Finishing and Leaving Your Job Interview

By Stephen Whelan

If you are offered the interviewers hand, end with a firm, confident handshake (ensure you don’t grip too hard) and a self-assured smile. Even if you feel you could have improved on some aspects of the interview, a self-confident exit could go some way to salvaging the interview for you. Whether you think it or not you will convey this confidence to the interviewer and you will leave a positive lasting impression.

Remain as professional as possible; remember the job is not yours until you have been offered the post and signed your return copy of the contract! Thank the interviewer for the time that they have afforded to you, say goodbye in a friendly manner and leave the room. Leave the interview as if it was an absolute success.

Whether or not you feel that the interview was a success or not, I suggest that you put it completely out of your mind when you leave the room and only reflect on your performance at a later date. I’ve done this myself and when you occupy your mind too much on what you said or could have said it can have a destructive impact on later job interviews you may have. At the very least you should be confident that it has provided you with tremendous preparation for the next one. Like all interviews I suggest you prepare in exactly the same way for any further interviews to follow.

I suggest that you go back and reflect on the interview a few days later to determine how you performed on the day. I always went over the particular areas where I felt I mentioned the wrong thing, gave an incomplete answer or there were things I wished I had said but left out.

Don’t worry about this, many people do this after the interview and needlessly beat themselves up and over analyze every aspect of what was said, or what was not. Remember you may have mentioned numerous, valid and relevant points and hit on the main acceptable answers and these are the positive aspects that you should dwell upon. Just take a note of the plus points of your interview, for example, how well you prepared, your interview technique, positive answers you delivered and how you could improve in the future. By doing this you have reflected this on paper and ensures that you don’t forget these aspects for any future interviews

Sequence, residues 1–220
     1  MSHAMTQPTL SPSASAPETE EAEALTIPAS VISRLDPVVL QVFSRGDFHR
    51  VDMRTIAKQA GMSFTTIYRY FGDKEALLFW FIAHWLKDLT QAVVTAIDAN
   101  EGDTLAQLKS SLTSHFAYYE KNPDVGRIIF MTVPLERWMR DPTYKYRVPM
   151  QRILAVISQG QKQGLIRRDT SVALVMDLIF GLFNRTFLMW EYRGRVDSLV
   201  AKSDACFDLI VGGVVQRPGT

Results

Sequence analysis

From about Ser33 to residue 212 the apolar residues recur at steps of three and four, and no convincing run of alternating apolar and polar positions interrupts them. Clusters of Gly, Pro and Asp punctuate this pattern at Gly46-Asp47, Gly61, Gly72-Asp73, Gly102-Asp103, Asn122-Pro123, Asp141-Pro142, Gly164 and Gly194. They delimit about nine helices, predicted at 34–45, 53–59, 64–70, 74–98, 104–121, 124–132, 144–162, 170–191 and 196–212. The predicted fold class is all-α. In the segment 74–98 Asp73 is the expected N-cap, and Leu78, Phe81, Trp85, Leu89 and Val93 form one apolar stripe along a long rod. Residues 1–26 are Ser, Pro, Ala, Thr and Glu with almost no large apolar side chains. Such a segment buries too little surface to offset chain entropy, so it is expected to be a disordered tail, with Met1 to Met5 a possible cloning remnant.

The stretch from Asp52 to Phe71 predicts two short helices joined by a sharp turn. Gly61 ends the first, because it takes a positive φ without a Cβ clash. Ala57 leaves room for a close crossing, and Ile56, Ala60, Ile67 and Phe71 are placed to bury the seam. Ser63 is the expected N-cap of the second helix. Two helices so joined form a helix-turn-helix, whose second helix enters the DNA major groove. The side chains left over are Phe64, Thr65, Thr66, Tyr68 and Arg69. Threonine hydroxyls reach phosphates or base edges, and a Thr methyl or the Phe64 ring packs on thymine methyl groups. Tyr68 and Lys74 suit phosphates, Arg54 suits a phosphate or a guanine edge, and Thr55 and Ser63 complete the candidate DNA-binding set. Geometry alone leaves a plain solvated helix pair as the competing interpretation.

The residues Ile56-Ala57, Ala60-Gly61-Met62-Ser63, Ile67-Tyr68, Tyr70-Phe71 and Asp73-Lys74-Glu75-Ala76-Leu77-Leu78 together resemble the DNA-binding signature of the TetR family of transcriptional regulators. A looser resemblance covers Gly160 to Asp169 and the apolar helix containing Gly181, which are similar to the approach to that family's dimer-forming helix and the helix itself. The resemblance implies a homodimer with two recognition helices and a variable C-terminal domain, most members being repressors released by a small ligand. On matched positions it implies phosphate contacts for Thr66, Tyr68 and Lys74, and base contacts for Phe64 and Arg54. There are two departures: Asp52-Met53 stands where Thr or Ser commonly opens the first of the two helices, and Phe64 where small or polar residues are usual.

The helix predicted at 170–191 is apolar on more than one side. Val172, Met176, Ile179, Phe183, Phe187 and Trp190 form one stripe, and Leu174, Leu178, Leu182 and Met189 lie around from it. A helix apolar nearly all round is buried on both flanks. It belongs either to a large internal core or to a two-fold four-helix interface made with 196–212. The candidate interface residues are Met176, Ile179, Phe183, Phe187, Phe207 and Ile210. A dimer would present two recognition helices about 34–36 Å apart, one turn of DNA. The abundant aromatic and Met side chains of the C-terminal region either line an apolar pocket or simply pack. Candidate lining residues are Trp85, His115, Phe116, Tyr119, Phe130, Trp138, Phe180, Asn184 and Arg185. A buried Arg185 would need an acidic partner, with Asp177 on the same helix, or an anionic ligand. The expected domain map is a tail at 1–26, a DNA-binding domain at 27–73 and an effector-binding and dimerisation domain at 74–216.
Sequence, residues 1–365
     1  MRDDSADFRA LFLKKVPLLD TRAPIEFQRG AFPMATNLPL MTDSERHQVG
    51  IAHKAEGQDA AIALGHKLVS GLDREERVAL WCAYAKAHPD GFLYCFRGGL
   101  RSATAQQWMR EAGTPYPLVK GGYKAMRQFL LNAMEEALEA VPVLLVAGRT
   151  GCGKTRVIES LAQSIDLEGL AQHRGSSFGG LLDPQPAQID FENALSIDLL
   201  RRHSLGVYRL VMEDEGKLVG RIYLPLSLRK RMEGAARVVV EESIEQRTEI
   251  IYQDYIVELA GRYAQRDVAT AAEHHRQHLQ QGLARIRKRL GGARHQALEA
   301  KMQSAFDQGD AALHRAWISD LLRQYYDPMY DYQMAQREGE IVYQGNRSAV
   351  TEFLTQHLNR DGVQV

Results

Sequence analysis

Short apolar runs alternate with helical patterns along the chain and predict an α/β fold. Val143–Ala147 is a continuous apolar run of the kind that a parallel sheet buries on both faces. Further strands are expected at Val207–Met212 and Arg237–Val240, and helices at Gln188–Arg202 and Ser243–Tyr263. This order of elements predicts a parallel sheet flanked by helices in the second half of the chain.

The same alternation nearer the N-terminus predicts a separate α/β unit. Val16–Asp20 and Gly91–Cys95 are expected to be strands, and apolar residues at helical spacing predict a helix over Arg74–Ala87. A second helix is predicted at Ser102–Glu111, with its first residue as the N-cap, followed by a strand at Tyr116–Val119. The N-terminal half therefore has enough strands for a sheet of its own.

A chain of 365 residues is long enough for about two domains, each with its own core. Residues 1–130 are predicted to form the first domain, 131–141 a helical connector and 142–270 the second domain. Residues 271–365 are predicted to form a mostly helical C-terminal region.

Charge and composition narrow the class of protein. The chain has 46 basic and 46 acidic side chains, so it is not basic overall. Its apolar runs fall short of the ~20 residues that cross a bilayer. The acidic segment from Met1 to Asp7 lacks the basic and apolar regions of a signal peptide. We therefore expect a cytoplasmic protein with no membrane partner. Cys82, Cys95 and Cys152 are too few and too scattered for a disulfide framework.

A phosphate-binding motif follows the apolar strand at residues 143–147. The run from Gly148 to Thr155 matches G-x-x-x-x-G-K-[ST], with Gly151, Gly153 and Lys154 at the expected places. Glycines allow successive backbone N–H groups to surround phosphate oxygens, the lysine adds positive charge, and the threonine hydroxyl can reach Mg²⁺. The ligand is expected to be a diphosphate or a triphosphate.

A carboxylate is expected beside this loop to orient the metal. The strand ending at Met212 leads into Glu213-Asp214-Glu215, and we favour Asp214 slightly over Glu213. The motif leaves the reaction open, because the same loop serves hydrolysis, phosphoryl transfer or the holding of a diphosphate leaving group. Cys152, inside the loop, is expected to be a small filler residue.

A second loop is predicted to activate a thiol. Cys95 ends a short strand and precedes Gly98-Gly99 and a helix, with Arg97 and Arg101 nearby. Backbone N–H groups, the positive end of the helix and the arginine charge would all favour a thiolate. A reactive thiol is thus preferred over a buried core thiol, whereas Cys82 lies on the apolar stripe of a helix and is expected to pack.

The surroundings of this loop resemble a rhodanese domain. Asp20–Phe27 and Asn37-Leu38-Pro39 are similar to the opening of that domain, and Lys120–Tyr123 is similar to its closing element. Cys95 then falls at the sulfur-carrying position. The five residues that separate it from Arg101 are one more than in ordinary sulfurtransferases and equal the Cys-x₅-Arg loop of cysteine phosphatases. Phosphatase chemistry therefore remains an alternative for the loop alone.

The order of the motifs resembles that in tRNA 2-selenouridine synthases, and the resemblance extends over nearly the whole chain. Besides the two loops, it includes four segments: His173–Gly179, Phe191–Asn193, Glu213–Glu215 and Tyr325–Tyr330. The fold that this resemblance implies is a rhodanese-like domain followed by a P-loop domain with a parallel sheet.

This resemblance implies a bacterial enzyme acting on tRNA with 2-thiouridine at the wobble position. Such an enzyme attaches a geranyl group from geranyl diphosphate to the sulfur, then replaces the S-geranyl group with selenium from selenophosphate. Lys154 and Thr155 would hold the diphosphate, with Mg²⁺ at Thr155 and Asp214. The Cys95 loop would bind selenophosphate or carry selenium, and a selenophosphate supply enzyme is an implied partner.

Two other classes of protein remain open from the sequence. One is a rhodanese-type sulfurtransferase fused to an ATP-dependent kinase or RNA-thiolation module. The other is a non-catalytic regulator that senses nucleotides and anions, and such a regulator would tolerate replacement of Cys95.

Waiting to hear about the job – The long wait

It's all over! All the hard work is completed and any nerves and tension of the whole process begin to drift away. After you have made and received those well wishing calls from your family and friends to find out how it went you begin to relax and you are glad it is all over.

Well it is not. You have one final task to complete and then it’s all over.

Write your thank you note to the employer outlining your thanks for their time and effort. I suggest you do this as quickly as possible for three reasons. It shows you are professional, well mannered and shows that the job is important to you. While these are all admirable qualities that the employer will look for, in most cases, it will not influence the final interview decision, but you never know. On a more practical level the purpose of writing a thank you letter is that you may be the only one who has made the effort to do so and therefore raise your profile within that organization.

In turn, your name will unquestionably leave a long-lasting impact in the interviewers mind and give you a potential competitive edge over others in the future. So, take the time to write a short thank you letter the advantages for you are obvious.

Stephen Whelan is a Senior Manager in the largest Health Trust in Northern Ireland. He has extensive knowledge and experience in the recruitment process.

As part of his remit as a senior manager and in his previous posts leading up to his current appointment he has interviewed hundreds of candidates for innumerable vacancies. In this respect he has invaluable knowledge of the selection and recruitment processes from both sides of the table.

Stephen is also a qualified coach and obtained his Coaching in Work Certificate in 2007 which fits perfectly with helping people achieve their highest potential in the job interview process.

Accredited by the Institute of Leadership and Management he has excellent skills and abilities that develop others in their pursuit of excellence and brings all of this experience to the table in helping people through the job interview process.

Stephen is currently constructing his website and offers amazing resources for job interview success at

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